Feeding:Premium Fish Food Flakes and Premium Fish Food Pellets are best to feed these fish.

Click here to learn more about and shop online for premium fish foods.

Water Conditions: Gouramis seem to be tolerant of a wide range of water conditions.

Probably a pH of about 7 with moderate hardness is best.

Most water in the US seems to be OK, so it's probably best NOT to adjust the pH or the hardness of the water.

Here in our facilities the water is hard and the pH is usually about 7.8. We ship them in this water.

Click here for a lot more information about aquarium water conditions.

Aquarium Size:Gouramis can do well in a 20-gallon tank, but of course bigger is better.

Decor:Gouramis do not need gravel, and a layer of gravel more than 1/4" thick will usually fill with bits of uneaten food that will contaminate the water.

Click here for more about aquarium gravel.

Live plants are beautiful and improve the water quality.

Aquarium Filter:Bio-Wheel Filters are highly recommended. The Penguin 250B Filters will do well for a 20-30 gallon tank.

Click here to learn more about aquarium filters.

The addition of Lava Rocks will keep nitrates in the ideal range. Click here to learn more about using Lava Rocks in aquariums.

Life Span:Gouramis can live for several years. Keep the water conditions excellent and feed them premium foods, and they may live even longer.

Gender: We usually sell the males and the females seperately, the males are usually more bright and colorful, and the females are usually dull and smaller.

Breeding: Male Gouramis will blow bubbles at the surface of the water, creating a nest which also indicates to the female he is ready to breed.

They do a mating dance when ready, and she releases her eggs toward the surface, where the male fertilizes, guards and cleans them.

Click here for a lot more about breeding various tropical fish in aquariums.

Popularity: These fish are very popular fish in the aquarium hobby.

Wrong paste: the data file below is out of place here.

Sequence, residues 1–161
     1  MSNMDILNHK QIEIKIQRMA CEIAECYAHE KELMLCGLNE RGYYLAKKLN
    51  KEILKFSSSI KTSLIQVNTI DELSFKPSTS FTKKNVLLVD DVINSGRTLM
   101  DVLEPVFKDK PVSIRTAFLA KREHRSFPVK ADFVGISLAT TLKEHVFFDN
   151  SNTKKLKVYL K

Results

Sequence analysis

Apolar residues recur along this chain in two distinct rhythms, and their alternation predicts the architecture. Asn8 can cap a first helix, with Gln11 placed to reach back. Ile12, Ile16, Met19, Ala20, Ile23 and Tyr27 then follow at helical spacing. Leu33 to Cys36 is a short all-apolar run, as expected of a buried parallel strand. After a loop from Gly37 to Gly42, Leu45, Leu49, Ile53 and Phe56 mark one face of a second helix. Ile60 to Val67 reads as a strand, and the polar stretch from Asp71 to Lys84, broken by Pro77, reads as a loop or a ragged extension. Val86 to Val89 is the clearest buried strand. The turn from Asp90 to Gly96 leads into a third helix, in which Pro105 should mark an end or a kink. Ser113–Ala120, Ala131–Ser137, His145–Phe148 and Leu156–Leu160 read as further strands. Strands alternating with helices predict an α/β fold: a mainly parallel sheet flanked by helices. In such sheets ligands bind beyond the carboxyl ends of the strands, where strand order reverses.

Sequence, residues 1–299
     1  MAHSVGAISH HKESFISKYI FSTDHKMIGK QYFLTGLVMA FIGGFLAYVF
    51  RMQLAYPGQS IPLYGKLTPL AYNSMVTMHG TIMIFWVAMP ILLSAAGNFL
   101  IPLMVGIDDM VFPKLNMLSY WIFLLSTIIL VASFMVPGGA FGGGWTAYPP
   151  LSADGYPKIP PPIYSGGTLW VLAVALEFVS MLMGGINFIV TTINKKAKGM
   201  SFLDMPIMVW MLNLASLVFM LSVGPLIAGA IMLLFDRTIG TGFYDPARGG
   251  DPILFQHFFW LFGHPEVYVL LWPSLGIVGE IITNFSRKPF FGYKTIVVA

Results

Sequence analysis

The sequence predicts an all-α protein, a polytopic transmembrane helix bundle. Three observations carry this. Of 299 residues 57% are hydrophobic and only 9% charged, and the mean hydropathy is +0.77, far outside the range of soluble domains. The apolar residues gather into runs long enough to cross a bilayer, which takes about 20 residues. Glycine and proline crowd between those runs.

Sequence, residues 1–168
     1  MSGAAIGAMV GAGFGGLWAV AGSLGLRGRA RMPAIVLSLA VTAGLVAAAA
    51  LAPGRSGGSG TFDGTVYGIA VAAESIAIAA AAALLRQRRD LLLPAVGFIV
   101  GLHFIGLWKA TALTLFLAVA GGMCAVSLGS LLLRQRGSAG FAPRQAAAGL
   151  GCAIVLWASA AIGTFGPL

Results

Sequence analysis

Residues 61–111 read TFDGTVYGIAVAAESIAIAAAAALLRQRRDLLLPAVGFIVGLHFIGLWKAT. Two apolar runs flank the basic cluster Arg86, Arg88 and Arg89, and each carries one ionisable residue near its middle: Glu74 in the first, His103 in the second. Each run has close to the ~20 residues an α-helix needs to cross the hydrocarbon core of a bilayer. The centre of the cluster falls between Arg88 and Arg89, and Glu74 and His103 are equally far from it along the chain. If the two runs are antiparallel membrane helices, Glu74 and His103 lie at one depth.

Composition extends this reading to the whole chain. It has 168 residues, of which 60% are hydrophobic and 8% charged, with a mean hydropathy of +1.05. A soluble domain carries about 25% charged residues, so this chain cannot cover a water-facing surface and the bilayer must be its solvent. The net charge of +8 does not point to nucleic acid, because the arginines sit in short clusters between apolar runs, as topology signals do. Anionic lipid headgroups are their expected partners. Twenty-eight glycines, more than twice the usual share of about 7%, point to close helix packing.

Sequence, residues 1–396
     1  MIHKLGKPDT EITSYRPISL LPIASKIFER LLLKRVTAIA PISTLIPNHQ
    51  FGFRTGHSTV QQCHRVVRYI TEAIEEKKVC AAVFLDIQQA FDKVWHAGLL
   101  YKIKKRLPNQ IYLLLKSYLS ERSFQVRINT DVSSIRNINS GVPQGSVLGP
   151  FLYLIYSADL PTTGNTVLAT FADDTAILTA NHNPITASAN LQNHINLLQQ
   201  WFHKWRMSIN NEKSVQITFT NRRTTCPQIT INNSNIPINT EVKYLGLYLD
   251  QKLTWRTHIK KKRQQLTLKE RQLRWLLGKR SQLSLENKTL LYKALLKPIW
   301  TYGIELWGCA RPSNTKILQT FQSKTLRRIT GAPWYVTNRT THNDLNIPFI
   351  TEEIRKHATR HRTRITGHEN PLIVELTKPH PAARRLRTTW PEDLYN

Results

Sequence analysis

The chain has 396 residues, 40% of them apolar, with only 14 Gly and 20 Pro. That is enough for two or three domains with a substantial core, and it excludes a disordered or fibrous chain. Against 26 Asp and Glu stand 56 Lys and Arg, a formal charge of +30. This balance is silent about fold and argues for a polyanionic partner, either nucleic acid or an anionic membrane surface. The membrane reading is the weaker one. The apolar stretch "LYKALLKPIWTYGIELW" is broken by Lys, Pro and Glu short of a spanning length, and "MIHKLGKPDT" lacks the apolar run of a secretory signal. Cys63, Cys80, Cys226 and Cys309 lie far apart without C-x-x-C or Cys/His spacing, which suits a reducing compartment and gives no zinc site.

Names: The scientific name for Male Peacock Dwarf Gourami is Colisa lalia.

Variations: There are many variations of Gouramis in the hobby.

Click here for a lot more information about keeping and caring for Gouramis, including a picture gallery.

We hope you've enjoyed reading these comments.

Sours: https://aquariumfish.ecwid.com/Premium-MALE-Young-Peacock-Dwarf-Gourami-p40092954
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The dwarf gourami is one of the most beautiful aquarium fish, and definitely the most beautiful gourami. Dwarf gouramis continue to rise in popularity among fishkeepers and aquarists.

In addition to their colorful appearance, they are low-maintenance and very hardy.

They exhibit some truly unique behavior, taking down their prey like true hunters.

In this article, we’ll discuss everything you need to know about dwarf gouramis, including how to take care of them, how to choose tank mates, and much more.

Dwarf Gourami Facts & Overview

Dwarf Gourami

CategoryRating
Care Level:Easy
Temperament:Peaceful
Color:Multicolored and variable
Lifespan:~5 years
Size:4–4.5 inches
Diet:Omnivore
Family:Osphronemidae
Minimum Tank Size:10 gallons
Tank Setup:Freshwater, heavily planted
Compatibility:Widely compatible

Dwarf Gourami (Trichogaster lalius), formerly known as Colisa lalia, are majestic looking freshwater fish native to the slow-flowing rivers, ponds, rice fields, and lakes of Southern Asia. However, now they can also be found in the USA, Singapore, and Colombia.

This fish is a member of the Osphronemidae family, more widely known as the gourami family.

Fish from this family are very popular due to their small size and ease of care. On average they live for about 5 years, but under good conditions can live even longer.

You might also know that Gouramis are included in the Anabantiformes order (or labyrinth fish order). Members of this order have a unique lung-like organ that allows them to breathe oxygen straight from the air.

These are schooling fish and prefer to stick together when possible. That way they feel more comfortable and secure. Most of the time they can be found in the middle or top level of the tank. Even in a group they still swim quite slowly and often hide around.

They are generally peaceful fish that should not cause any problems with tank mates. If anything, they are timid and will shy away from boisterous species.